A suitable chunk of aluminium was procured from the workshop, wich offered enough space for multiple pieces and could hold in itself the heating cartridge I had around.

    Drilled and milled:

    For the K probe, the retention screw had a weird thread I didn't had a matching tap for, so I ended threading the probe itself to M5 and screwing that into the aluminium block. Having it's head sitting just 3mm below the surface of the plate. Plenty of thermal compound was employed.

    The heating cartridge was retained with a screw and plenty of thermal compound too.

    Finally, I wanted to add some termic isolation to the bottom, so the assembly could be made compact. Ceramic matt tends to be fragile, so mechanical subjection is not recomendable. Instead, I scissor cut a piece of solder paste stencil and marked it with a cutter.

    Clamping it into a vice, it was first hand bent and then shaped with a nylon mallet:

    The inside corners where bent using a spacer:

    With that and careful measurement, a super nice bracket for the ceramic matt was done:

    To further isolate the electronics from the plate, sheet metal legs where spot welded to the plate:

    With that, but pending a different temperature controller with SSR capabilities, I connected it to an old controller I had around, and for now, I have a sketchy, but working hot plate!

    Once I get the definitive controller, everything will be made much compact, with the plate on top of the controller + SSR, a nice case and some form of heat shield so you can't accidentally touch the hotplate sides.

  • Ready, steady...GO!

    Nixie08/08/2018 at 13:38 0 comments

    Finally, all pieces are in place.

    The gear has been built. The oven, the sputtering rig, the spin coater and the fume hood.

    The chemicals have been bought.

    All thar remains is to test, test, test...and then more testing. I would hope to have some kind of semiconductor device (a diode?) by september first, time will tell, some say.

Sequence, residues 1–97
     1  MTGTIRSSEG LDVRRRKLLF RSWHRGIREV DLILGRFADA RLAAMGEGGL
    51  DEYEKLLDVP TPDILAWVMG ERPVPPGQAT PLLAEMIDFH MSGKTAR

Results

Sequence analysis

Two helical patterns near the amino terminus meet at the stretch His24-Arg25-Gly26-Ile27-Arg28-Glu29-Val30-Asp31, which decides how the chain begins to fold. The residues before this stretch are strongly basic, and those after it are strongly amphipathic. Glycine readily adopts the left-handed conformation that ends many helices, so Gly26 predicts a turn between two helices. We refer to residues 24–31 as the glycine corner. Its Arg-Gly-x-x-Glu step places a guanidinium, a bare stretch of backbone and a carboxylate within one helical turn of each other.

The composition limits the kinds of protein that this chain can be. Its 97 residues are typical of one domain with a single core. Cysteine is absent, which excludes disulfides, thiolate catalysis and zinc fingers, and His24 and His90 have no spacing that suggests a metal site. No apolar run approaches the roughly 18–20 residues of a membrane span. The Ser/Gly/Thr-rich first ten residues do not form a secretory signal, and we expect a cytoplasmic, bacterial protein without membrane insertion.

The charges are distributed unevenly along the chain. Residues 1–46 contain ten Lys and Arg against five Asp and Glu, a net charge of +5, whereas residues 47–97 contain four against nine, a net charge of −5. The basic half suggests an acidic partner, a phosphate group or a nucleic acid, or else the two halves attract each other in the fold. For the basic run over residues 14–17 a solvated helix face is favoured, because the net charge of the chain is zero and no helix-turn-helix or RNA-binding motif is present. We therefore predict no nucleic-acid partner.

For now, I would recommend to look at my twitter account where I post my findings and experiments in real time (using it as a kind of log/documenting process).

    https://twitter.com/nixie_guy

    Points of update in Hackaday.io will be more or less the following:

    1.- Succesful PMMA milling on a silicon substrate.

    2.- Succesful SiO2 etching with HF 2%

    3.- Succesful alignment of features for multiple masking process.

    4.- First dopings.

    5.- First DIODE.

    6.- First aluminium sputtered connection for a diode.

    7.- Realiability of repetition.

    After that, FET tests will begin, wich are another can of worms.

  • In the eye of the Bottleholder.

    Nixie08/06/2018 at 09:45 0 comments

    With mostly everything ready to begin tests, bits of safety remained to be solved.

    Since I will be working with dangerous chemicals, I didn't want to have the small bottles of them hanging around all over the place.

    Thus, I came up with this:

    This holds onto the bottle neck in the front and has a suction cup in the back, so it can be attached to the wall of the fume hood. It is also interconnectable with other pieces, so it can form a neatly arranged array:

    They are easily and fast 3D printed with a 0,6mm nozzle:

    They should be improved by changing the 2D side connector (isc clamp) to a 3D version (ball clamp) so they can't slide out, altough that would be difficult with bottles in each holder.

    Huge array, in preparation of semiconductor tests:

    And a small video of it's use:

    See ya!

  • Case closed. (spincoater II)

    Nixie08/06/2018 at 09:25 0 comments

    With the excellent result achieved with the improvised spin coater, it becamse sacrilegous to leave it at that, dangling wires and crappy mounting.

    Thus, I set myself on the task of building a nice enclosure. First I quickly modelled everything in Fusion:

    A thick base was added, so it's weight could act as vibration dampening. It would have a recess for the vacuum pump, as it was 8mm thicker than the power supply, and also a hole for the vacuum adapter for the motor to fit in. Resuming, I wanted the thinnest possible unit.

    With that, I set up workshop to machine, cut and weld everything.

    First, pump recess machining:

    Halfway there:

    The acuum adapter connector was changed to a slimmer one, and thus, the shape of it's recess was also changed on the fly:

    Top side:

    Pump clearance with the power supply:

    I also added suction cups.

    With that done, a stainless case began to take shape:

    Spot welded:

    Fully welded and blended:

    At this point, since I didn't had neither AC connectors nor panel mount buttons, I decided to leave the case like that, and just attach the controller to the outside with double sided tape (over kapton for easy removal) and wait the components.

    working placement:

    There!
    I hope the rest of the pieces arrive soon. ^^

  • You spin me right round, baby.

    Nixie08/01/2018 at 17:36 0 comments

    I finally got into building the spin coater for the project, however, even I was surprised about the way things went.